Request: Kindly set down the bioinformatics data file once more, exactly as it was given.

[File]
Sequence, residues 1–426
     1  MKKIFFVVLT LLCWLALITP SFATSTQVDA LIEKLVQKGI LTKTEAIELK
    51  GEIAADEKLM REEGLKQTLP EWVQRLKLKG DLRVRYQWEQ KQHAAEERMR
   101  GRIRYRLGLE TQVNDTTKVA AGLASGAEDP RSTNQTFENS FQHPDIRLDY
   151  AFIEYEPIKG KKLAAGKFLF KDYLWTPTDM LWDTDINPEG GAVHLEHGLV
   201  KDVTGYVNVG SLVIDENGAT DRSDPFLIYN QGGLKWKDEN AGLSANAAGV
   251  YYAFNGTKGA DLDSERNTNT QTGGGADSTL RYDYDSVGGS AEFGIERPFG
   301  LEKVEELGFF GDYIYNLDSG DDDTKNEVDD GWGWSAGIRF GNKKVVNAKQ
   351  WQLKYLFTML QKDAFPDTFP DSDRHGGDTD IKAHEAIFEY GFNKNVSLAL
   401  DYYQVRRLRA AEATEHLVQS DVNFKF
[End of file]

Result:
Sequence, residues 1–426
     1  MKKIFFVVLT LLCWLALITP SFATSTQVDA LIEKLVQKGI LTKTEAIELK
    51  GEIAADEKLM REEGLKQTLP EWVQRLKLKG DLRVRYQWEQ KQHAAEERMR
   101  GRIRYRLGLE TQVNDTTKVA AGLASGAEDP RSTNQTFENS FQHPDIRLDY
   151  AFIEYEPIKG KKLAAGKFLF KDYLWTPTDM LWDTDINPEG GAVHLEHGLV
   201  KDVTGYVNVG SLVIDENGAT DRSDPFLIYN QGGLKWKDEN AGLSANAAGV
   251  YYAFNGTKGA DLDSERNTNT QTGGGADSTL RYDYDSVGGS AEFGIERPFG
   301  LEKVEELGFF GDYIYNLDSG DDDTKNEVDD GWGWSAGIRF GNKKVVNAKQ
   351  WQLKYLFTML QKDAFPDTFP DSDRHGGDTD IKAHEAIFEY GFNKNVSLAL
   401  DYYQVRRLRA AEATEHLVQS DVNFKF